The Last Ice Area
What is the Last Ice Area?The Arctic is changing, and of the most noticeable changes is melting sea ice. A changing climate is shrinking the size and duration of summer sea ice, which is vital habitat for Arctic marine life and for maintaining Inuit way of life.
Scientific projections show that summer sea ice will last the longest above northern Canada and Greenland. Local Inuit elders called the region "Similijuaq," meaning “place of the big ice.” World Wildlife Fund Canada was the first to call it The Last Ice Area.
Together, we must safeguard this globally significant region that will be a last refuge for ice-dependent species as the world warms.
Various forms of life are connected to the sea ice, from algae to bowhead whales.
Ice is life
About a quarter of the world’s polar bears live in or near the Last Ice Area. Most of the world’s narwhals spend at least part of the year there, and it is home to the largest breeding colonies of thick-billed murres and millions of Little Auks.
There’s a lot of other life that depends on the ice that’s harder to see: algae that turn the underside of the ice into a kind of hanging garden, grazed by small shrimp-like creatures, and this drives the whole Arctic food web. The ice algae also feed life on the ocean floor when they fall. Some of the organisms found in the ice prefer certain sorts of ice, the multi-year ice that may eventually only be found in the Last Ice Area.
This sea-ice associated life is important to local Inuit communities, and is also of global importance.
A recent Arctic Council report (SWIPA, 2017) concluded that even with effective action on limiting greenhouse gas emissions, the sea ice will shrink in terms of both the area it covers in the summertime, and in terms of how long it lasts in the wintertime. As the sea ice disappears, the Last Ice Area will continue to provide a suitable home for ice-associated life and the people who depend upon these living resources.
Limiting climate change is the most important thing we can do for ice-associated life, but we can also take action locally. We can avoid additional threats from activities such as oil and gas exploration, commercial fishing, tourism and shipping.
Human activities must be managed to protect the Last Ice Area’s special ecosystem’s habitats, species and cultural importance. WWF-Canada is committed to supporting the development a marine spatial plan, one which involves using ecosystem-based management as a foundation. This form of management takes into account the entire ecosystem rather than focusing on individual projects, activities, or species. Marine spatial planning is not about turning the entire area into a park or protected area. Instead, a plan would help prevent or diminish harmful human activities to ensure that sea-dependent wildlife, and the people who depend on that wildlife, can be resilient in the face of change. WWF believes that the people who live closest to the Last Ice Area should lead the development and implementation of such a plan.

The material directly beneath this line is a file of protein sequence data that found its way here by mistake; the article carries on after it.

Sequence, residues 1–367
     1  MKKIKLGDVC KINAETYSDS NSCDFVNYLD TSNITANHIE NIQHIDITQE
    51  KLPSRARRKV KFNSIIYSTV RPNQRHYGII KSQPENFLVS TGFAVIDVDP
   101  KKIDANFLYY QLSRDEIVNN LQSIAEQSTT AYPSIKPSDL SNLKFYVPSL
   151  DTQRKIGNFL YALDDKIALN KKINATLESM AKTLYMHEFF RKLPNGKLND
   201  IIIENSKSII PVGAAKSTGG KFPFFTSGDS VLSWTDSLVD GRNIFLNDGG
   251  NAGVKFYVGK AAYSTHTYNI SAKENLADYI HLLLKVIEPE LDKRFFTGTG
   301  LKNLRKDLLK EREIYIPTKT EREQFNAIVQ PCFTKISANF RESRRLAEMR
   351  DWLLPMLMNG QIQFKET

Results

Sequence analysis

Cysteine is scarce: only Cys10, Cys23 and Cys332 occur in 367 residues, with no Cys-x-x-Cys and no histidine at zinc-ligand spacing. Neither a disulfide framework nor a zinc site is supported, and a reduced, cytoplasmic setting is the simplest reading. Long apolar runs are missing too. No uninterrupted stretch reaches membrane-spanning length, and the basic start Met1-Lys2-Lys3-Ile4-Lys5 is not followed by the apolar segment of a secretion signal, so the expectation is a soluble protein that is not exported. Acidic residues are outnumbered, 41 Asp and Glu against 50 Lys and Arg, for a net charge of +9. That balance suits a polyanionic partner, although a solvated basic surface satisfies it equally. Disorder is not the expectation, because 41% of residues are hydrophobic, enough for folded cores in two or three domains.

What WWF-Canada is doing
Inuit in Canada and Greenland are looking at the future management of an important feature in the region: the North Water polynya which is called the Pikialasorsuaq in Greenlandic. A polynya is an area of water that is naturally ice-free in the winter due to wind and water currents. The North Water polynya is the largest in the northern hemisphere, critical to the well-being of many of the birds and animals in the region. It depends on thick ice forming to the north to keep it clear of drifting pack ice.
The region’s wildlife needs sea ice, but also requires some areas of open water like this one to survive the winter.
WWF-Canada supports the Inuit Circumpolar Council, which set up the Pikialasorsuaq Commission and travelled to communities in Canada and Greenland to listen to what people had to say about the polynya and its future management. The Commission recently released a report that recommended the polynya be declared a protected area under an Inuit-led management scheme. It is important that governments, communities and organizations in and around the Last Ice Area continue to focus on this globally significant region, which may one day provide refuge for sea-ice-associated life.
We are putting scientists in the field to gather knowledge and make an attainable plan for the future, so that life in the Arctic can continue to thrive – but to fund this work, we need your help.